[INTERVIEW] Once labor-intensive, shipbuilders in race for digital transformation
SINGAPORE -- Traditional methods used to maintain cost efficiency in the labor-intensive field of shipbuilding and marine engineering will give way more and more to digital solutions that are already quietly permeating the industry, Craig Hayman, CEO of UK industrial software developer Aveva, said in a recent interview with The Investor.
“Firms constructing vessels are now focused on reducing the labor (costs) associated with the construction and the number of hours put into designing them,” Hayman said on Sept. 18, adding that South Korean shipbuilders are no exception.
But this represents only a small fraction of the total cost, given the full cycle of the shipbuilding process from design to engineering, construction and maintenance, even after the vessel sets sail, he added.
Aveva CEO Craig Hayman during an interview with The Investor
Son Ji-hyoung/The Investor
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The global shipbuilding and power plant construction industry -- led by Korea, China and Japan in terms of revenue -- is now engaged in a race to mount the shipbuilding process on digital software to improve accuracy, reduce complexity and save costs, according to Hayman.
“Traditionally, shipbuilders and construction firms used to be focused purely on the construction of large capital equipment, but they are now shifting towards a handover from the EPC to the operator of the equipment, and increasingly, they are focused on the efficient operation of that equipment after it is left of port or it is put into operation.”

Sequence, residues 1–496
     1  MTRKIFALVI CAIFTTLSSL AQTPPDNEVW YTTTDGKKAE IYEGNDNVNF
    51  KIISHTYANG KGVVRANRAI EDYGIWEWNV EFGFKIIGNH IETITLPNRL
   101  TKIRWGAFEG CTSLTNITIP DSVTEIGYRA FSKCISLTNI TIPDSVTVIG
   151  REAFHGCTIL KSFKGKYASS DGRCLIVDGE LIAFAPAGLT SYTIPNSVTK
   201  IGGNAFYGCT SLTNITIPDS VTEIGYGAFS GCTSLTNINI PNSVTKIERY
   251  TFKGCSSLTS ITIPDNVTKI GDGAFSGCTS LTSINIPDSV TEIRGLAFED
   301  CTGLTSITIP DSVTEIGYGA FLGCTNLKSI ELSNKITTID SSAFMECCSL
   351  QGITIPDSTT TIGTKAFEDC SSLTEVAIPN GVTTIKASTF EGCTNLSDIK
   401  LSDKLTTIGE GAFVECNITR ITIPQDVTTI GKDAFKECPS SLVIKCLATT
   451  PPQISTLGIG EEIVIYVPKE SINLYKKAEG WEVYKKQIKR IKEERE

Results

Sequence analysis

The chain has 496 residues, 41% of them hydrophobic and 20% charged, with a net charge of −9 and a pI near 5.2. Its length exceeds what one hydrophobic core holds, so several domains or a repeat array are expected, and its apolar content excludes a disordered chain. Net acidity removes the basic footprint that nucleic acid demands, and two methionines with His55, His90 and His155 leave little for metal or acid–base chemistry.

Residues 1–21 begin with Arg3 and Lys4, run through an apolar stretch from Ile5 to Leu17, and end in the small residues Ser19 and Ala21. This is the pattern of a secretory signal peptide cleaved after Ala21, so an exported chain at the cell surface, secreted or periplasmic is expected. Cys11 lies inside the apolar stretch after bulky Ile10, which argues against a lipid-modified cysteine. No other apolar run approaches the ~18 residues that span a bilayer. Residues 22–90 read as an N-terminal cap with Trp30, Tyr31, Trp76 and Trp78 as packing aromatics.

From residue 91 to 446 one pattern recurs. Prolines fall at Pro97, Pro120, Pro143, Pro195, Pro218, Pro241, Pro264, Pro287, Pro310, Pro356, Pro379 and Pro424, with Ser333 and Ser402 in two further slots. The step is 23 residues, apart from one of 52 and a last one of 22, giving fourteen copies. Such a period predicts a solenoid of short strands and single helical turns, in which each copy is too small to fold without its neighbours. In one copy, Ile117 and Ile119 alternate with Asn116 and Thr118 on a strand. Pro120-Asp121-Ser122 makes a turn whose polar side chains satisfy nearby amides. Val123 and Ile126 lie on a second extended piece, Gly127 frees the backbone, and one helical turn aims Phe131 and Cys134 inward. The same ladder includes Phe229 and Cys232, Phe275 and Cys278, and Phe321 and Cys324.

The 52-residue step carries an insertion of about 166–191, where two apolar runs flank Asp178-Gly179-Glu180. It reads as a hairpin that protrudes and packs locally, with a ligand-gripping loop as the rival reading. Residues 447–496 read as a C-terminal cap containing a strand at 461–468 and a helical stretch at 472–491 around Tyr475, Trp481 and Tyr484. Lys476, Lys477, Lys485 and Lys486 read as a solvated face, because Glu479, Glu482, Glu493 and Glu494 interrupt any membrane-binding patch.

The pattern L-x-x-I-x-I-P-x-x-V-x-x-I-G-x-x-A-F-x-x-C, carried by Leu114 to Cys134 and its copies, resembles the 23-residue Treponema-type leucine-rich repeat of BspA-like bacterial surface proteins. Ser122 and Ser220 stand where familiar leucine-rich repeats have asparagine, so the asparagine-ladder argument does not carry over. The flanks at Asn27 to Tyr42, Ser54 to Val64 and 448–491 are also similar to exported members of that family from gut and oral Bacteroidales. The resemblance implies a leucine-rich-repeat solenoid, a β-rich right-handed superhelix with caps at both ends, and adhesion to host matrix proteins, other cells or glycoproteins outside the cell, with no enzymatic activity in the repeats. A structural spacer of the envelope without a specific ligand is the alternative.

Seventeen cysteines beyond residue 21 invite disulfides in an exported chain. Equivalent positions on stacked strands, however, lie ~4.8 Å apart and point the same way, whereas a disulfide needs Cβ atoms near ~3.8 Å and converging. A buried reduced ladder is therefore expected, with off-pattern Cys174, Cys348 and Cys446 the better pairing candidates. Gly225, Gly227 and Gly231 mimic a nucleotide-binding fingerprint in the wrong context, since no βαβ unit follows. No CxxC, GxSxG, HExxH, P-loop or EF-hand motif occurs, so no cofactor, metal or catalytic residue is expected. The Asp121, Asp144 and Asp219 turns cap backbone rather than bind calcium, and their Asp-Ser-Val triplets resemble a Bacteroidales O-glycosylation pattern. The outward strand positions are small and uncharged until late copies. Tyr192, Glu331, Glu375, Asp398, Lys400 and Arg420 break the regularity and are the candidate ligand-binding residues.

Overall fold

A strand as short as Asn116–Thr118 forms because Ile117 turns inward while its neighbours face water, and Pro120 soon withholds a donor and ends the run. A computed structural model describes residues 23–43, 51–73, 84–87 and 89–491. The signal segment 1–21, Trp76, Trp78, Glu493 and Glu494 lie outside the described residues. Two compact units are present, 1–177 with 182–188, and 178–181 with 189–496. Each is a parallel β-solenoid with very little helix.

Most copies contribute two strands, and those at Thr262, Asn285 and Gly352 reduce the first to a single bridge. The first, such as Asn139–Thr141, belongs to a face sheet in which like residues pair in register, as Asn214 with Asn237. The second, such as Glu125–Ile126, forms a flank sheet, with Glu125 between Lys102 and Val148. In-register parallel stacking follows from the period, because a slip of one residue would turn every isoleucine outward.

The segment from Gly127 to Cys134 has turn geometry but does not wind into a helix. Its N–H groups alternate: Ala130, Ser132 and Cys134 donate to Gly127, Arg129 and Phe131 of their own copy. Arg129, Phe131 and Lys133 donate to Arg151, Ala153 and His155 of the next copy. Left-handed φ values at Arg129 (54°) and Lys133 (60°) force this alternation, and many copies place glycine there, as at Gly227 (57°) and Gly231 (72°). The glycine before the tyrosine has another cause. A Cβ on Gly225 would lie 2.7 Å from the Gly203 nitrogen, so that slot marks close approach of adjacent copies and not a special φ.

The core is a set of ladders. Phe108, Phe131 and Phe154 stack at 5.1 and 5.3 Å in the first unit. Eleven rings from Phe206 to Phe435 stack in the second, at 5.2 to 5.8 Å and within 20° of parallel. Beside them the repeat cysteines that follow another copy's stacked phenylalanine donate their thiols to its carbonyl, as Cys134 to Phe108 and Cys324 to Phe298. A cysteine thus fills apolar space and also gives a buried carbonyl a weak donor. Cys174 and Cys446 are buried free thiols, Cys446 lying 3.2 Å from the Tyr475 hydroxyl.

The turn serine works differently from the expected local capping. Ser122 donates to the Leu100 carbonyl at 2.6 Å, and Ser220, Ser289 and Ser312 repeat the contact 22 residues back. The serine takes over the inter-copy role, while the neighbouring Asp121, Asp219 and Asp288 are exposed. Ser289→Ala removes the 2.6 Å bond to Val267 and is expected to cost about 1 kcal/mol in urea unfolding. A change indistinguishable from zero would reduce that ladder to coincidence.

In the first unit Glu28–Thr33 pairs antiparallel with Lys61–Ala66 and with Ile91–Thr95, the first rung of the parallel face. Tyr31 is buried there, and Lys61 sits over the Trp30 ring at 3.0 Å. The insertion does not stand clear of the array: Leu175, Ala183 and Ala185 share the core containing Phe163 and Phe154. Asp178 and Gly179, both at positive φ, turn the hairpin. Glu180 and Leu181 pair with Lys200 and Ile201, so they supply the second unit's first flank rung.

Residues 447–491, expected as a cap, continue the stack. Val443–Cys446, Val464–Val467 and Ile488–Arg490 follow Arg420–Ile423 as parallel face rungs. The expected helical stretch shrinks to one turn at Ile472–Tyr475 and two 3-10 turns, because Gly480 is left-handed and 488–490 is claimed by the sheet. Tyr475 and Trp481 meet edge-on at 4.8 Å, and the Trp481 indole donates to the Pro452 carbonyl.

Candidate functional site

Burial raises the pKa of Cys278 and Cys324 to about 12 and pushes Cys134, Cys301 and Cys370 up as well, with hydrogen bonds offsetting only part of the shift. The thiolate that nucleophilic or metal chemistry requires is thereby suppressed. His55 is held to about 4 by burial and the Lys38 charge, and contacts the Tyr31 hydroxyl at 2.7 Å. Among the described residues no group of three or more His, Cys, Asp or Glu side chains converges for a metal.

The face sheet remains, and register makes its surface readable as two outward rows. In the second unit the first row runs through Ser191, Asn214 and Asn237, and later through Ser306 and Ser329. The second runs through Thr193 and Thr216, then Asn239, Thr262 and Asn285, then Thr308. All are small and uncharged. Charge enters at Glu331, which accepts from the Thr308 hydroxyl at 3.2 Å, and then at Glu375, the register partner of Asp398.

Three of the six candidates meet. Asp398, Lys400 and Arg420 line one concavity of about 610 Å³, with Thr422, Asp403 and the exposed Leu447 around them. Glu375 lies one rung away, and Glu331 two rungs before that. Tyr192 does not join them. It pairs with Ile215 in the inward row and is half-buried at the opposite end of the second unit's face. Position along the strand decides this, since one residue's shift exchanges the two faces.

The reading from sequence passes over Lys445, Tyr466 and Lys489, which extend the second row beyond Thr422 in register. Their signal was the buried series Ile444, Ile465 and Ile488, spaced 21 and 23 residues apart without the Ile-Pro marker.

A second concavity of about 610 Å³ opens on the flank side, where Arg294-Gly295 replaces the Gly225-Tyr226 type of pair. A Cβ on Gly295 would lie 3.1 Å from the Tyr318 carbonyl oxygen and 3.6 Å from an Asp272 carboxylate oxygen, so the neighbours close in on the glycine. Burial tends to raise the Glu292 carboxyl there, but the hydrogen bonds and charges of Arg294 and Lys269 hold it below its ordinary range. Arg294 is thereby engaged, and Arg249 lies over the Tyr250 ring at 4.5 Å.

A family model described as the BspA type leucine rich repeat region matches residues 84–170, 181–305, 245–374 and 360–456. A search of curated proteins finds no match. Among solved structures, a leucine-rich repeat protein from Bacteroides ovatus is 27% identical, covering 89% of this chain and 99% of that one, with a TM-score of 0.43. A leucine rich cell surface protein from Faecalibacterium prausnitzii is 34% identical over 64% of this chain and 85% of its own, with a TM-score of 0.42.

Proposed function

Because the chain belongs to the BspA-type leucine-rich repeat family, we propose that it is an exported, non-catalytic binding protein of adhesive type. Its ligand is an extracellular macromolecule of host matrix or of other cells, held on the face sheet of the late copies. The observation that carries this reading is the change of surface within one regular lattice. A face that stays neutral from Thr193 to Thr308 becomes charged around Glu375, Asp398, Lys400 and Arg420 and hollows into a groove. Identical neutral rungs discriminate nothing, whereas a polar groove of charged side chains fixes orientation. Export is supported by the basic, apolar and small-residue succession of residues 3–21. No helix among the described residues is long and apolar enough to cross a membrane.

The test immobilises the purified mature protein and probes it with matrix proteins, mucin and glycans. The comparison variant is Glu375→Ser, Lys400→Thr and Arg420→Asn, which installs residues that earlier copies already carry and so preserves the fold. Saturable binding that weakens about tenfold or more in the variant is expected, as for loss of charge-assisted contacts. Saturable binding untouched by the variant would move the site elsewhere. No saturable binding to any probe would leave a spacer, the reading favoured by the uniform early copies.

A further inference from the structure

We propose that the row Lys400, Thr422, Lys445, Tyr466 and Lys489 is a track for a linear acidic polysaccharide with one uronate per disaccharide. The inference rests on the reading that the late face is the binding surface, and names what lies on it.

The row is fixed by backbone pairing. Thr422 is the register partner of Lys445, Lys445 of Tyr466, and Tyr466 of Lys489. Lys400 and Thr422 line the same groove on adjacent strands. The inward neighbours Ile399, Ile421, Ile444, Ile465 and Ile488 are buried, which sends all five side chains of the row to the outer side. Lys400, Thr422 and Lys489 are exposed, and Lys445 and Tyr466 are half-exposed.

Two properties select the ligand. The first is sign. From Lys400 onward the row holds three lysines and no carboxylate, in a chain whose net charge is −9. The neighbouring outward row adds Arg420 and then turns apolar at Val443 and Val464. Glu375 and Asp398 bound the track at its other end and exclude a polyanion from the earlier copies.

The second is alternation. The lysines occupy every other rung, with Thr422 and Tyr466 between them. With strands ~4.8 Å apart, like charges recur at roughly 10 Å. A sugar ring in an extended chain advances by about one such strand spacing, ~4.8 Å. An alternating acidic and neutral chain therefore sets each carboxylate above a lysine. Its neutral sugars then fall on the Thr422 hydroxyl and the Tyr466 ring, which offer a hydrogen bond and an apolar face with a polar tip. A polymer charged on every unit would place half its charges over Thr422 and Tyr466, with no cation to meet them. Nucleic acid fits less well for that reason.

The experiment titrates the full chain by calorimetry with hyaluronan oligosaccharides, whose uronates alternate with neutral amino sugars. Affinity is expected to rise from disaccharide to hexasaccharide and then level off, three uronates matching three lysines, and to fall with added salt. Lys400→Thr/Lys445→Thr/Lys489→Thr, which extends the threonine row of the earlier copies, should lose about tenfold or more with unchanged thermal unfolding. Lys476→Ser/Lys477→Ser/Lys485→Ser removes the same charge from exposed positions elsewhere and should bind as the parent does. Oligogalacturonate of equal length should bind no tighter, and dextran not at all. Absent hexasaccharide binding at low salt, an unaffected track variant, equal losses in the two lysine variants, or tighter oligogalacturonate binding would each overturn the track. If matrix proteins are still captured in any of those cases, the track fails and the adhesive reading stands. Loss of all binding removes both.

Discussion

Hayman was named head of Aveva in February 2018. Since then, he has played the role of digital transformation evangelist in the face of Aveva’s anticipated launch of an integrated software solution EPC 4.0 -- covering the whole cycle -- as announced during Aveva World Summit 2019 from Sept. 17-18 in Singapore.
Calling the new integrated software a “competitive differentiator,” Hayman said the software-powered shipbuilding process would allow shipbuilders to address changes free of glitches and at a lower cost.
For example, starting in 2020, vessels will be obliged to reduce the amount of sulfur they emit by burning “low-quality” oil fuels, under a new initiative by the International Maritime Organization. This regulation poses a design challenge to shipbuilders, as they have to retrofit vessels to support the use of higher-quality fuels.
This is one of the scenarios where integrated software can come into play for shipbuilders in Korea. “The cost of vessel is not just about the construction cost,” Hayman said.
“There is a construction. There is a material management within the shipyard. There is the handover of the project to the operator of the vessel, and ensuring that it can operate as designed.”
Aveva’s software integration came to the fore following its merger with Schneider Electric’s industrial software operation in March 2018, a month after Hayman was picked to lead the firm.
Korea is home to Aveva’s client base, comprising 64 marine engineering firms including Hyundai Heavy Industries, Daewoo Shipbuilding & Marine Engineering and Samsung Heavy Industries, as well as 84 plant operators, 40 oil and gas companies, and 19 academic institutions including universities.
By Son Ji-hyoung (firstname.lastname@example.org)